SALEM, Ore. - Craig Prosser is a grateful his son Tyler is alive and well today.
“He's healthy,” Prosser says. “He's being a normal teenager right now.”
Tyler Prosser survived his 2012 diagnosis of osteosarcoma, or bone cancer, with the help of chemotherapy.
But Craig Prosser is still frustrated. There have been seven cases within three miles of each other in West Salem, including Tyler's. Two of them were fatal.
“Here they're seemingly healthy kids at 14 years old and by 17 or 20 they're, they're gone, you know?” Prosser says. “I couldn't imagine that. Thank God Tyler is doing well.”
The U.S. Environmental Protection Agency tested soil at five sites in West Salem for hundreds of toxins. Results released last month found nothing that would explain the cancer cluster.
Salem state representative Vicki Berger asked the Oregon Health Authority to study osteosarcoma rates across Oregon for comparison. Representative Berger expects to get the study results as early as Tuesday and says she will make those results public.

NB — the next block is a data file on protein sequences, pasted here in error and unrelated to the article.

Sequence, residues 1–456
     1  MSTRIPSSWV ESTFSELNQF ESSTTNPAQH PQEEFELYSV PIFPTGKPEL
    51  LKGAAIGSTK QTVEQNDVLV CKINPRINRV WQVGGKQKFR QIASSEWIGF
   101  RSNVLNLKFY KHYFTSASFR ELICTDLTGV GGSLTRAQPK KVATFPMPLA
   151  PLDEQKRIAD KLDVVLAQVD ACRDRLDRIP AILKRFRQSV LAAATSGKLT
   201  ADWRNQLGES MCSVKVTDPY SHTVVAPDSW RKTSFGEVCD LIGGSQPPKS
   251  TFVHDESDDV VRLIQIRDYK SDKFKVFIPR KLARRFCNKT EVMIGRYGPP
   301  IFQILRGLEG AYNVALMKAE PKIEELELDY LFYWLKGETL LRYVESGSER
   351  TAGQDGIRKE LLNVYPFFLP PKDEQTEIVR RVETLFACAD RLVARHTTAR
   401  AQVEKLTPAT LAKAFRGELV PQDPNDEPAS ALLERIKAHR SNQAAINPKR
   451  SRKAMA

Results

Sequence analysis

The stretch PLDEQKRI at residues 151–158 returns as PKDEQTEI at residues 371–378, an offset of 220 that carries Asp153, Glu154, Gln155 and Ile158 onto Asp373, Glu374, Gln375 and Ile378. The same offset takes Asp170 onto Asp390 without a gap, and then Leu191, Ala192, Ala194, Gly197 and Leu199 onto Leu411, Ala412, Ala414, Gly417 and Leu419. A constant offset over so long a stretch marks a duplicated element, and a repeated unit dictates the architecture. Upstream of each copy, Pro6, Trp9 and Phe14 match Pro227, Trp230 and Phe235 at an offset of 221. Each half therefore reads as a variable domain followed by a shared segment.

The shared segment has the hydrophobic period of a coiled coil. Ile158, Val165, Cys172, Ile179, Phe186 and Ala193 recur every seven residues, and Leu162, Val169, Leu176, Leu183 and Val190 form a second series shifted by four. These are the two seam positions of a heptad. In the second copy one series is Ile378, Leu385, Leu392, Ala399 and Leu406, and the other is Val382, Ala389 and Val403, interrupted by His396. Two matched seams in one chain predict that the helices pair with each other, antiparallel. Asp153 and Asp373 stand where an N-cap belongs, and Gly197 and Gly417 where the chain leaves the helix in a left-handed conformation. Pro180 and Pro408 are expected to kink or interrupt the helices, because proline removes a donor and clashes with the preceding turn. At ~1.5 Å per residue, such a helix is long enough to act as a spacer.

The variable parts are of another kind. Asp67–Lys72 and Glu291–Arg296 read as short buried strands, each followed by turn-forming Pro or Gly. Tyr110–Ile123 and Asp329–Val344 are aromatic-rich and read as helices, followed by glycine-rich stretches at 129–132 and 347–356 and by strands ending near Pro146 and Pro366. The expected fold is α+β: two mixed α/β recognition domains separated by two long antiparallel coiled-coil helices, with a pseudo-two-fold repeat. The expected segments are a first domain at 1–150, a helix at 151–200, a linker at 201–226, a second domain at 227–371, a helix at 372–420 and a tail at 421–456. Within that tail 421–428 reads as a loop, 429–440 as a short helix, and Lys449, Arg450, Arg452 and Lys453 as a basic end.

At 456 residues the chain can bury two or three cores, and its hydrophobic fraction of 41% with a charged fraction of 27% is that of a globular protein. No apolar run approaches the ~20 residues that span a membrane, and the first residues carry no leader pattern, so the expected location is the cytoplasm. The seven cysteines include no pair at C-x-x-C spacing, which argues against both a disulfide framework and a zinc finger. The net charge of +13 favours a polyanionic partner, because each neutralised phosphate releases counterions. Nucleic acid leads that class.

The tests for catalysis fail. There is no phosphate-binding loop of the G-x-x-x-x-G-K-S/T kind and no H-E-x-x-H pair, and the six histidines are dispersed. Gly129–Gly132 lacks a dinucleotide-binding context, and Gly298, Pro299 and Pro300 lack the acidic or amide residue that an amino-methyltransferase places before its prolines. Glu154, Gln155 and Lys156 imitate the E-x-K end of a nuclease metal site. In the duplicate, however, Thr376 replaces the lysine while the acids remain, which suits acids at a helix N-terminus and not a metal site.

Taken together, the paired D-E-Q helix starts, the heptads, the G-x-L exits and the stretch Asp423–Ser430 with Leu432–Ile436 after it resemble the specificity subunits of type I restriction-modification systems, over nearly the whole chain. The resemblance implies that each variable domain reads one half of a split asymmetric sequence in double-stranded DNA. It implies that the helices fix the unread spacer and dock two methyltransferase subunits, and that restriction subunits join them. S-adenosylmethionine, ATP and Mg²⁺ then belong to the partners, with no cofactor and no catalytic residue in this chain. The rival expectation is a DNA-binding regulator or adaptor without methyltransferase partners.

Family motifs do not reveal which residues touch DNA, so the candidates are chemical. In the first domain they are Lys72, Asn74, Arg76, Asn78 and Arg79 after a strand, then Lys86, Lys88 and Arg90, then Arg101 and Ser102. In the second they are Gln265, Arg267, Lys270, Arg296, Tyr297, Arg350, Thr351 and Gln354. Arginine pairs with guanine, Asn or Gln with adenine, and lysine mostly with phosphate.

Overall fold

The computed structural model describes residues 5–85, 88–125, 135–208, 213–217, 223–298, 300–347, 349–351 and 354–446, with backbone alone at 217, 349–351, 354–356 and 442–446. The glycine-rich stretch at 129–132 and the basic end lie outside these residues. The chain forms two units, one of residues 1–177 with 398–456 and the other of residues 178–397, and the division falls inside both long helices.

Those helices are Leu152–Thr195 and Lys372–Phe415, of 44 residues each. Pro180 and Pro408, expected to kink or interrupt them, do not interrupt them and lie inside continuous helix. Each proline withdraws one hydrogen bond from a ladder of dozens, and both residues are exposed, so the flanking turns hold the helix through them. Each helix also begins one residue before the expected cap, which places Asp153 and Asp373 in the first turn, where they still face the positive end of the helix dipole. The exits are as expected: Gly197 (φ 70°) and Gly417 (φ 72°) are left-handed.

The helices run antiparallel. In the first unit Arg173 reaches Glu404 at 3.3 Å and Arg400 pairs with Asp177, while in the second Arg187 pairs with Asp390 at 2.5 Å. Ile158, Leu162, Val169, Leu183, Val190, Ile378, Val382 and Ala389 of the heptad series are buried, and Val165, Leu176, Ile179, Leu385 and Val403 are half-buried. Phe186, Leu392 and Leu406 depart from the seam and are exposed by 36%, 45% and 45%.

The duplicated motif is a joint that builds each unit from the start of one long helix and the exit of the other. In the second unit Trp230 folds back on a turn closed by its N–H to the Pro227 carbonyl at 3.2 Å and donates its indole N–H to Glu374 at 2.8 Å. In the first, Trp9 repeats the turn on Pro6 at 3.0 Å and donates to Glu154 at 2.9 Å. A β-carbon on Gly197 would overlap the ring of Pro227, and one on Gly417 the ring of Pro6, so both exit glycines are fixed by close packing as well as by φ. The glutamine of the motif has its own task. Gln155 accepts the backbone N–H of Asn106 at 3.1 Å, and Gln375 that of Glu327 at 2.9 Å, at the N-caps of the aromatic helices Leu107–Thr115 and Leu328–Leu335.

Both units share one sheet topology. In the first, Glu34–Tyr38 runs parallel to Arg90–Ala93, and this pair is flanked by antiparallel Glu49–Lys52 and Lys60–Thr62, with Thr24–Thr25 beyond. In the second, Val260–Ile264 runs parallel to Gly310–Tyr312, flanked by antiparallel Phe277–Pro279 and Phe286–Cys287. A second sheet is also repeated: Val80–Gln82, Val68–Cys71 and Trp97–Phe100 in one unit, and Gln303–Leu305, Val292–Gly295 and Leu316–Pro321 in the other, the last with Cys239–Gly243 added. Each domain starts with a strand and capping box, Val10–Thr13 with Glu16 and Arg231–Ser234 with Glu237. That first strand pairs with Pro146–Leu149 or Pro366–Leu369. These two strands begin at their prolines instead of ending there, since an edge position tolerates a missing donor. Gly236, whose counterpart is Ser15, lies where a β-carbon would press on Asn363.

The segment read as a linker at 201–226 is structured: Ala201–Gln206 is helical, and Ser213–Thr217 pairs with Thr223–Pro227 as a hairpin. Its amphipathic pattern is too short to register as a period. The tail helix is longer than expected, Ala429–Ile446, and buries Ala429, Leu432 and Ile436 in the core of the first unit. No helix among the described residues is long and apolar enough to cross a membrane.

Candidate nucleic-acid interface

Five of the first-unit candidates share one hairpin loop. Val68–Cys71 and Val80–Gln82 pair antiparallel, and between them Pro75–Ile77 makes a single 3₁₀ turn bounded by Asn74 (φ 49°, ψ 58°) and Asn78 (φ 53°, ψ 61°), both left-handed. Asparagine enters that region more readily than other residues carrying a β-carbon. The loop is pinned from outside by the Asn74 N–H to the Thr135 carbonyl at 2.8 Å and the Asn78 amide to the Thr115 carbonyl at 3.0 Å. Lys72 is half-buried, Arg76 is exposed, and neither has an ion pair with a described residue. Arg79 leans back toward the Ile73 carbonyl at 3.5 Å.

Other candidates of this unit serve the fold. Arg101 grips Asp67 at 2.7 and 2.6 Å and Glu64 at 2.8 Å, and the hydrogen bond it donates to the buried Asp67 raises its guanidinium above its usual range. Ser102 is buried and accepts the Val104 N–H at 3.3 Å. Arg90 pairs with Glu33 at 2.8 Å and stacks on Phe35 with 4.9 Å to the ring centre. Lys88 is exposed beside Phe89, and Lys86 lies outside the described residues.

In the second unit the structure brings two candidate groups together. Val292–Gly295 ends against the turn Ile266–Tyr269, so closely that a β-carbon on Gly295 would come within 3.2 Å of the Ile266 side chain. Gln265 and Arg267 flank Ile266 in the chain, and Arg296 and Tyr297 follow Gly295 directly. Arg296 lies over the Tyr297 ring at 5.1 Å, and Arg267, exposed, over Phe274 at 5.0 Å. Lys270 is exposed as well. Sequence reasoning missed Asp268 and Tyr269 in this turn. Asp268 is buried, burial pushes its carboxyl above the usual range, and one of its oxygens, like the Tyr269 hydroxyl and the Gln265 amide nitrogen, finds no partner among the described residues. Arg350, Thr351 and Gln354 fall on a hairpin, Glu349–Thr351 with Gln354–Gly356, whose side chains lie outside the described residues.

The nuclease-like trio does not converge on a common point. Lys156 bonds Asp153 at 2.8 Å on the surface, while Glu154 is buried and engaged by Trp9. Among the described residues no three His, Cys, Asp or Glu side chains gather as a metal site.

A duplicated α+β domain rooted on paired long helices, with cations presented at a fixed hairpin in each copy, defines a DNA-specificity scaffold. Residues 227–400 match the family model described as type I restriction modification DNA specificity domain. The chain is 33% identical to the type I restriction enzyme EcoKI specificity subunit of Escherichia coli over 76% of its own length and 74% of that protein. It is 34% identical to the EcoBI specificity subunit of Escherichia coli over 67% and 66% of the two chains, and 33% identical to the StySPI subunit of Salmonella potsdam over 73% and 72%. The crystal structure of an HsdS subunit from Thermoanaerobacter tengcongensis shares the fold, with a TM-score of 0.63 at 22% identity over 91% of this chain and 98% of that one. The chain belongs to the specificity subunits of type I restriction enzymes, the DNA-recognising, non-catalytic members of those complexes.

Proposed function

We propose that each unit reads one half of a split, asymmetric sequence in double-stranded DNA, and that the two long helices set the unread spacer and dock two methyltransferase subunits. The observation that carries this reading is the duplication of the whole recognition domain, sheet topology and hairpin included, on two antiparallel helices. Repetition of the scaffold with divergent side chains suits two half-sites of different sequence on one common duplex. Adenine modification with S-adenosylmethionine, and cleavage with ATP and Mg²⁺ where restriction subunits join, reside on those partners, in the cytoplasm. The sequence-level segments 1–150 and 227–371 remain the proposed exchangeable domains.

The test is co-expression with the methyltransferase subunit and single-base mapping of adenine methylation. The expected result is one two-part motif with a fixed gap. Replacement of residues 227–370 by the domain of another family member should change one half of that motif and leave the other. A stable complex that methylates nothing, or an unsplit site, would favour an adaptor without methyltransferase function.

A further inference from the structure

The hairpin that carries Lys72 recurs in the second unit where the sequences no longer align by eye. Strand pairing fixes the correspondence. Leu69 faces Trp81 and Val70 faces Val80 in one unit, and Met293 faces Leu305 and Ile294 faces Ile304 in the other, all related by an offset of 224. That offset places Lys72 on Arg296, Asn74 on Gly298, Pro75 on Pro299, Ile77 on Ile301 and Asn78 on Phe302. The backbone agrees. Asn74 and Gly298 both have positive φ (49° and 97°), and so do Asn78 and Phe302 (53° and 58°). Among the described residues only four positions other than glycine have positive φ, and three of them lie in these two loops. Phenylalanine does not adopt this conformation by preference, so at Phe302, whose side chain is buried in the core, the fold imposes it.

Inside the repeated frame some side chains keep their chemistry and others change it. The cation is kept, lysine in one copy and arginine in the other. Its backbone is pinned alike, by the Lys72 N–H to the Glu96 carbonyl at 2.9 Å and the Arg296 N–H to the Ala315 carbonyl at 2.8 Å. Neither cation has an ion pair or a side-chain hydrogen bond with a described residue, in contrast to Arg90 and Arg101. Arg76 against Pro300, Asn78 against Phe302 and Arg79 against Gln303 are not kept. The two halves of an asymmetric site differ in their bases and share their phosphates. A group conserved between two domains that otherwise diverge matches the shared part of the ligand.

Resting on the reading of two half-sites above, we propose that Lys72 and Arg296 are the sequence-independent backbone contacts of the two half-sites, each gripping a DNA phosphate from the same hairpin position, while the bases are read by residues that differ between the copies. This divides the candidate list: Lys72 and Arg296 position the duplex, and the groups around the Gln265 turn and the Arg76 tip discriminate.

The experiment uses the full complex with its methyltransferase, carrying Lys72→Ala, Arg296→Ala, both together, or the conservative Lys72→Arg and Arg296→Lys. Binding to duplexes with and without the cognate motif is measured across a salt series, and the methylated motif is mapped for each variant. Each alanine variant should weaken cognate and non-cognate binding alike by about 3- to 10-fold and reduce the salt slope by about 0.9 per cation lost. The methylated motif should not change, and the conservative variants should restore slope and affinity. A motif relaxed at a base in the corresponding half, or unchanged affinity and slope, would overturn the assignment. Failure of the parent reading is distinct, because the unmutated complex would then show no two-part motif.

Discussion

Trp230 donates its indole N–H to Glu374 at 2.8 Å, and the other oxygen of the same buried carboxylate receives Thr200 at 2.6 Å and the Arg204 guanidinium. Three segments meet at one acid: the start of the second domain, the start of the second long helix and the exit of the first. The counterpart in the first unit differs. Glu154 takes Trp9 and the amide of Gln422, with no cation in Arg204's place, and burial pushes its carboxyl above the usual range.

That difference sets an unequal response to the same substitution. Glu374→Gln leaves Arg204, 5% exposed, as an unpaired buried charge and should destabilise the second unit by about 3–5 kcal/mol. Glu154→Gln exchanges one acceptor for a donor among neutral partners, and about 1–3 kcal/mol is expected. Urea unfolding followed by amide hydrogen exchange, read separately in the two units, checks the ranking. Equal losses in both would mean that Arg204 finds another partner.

For Craig Prosser, that would still be a step toward finding an answer, even if the study doesn’t lead to a cause for the West Salem cancer cluster.
“To save, or find out why a kid died, I think that's priceless. It doesn't - you shouldn't have to put a price, or any money, or a dollar amount on it to find some answers,” Prosser says. “We're not trying to point fingers at anybody. We're not trying to make any false claims. We just want to find some answers.”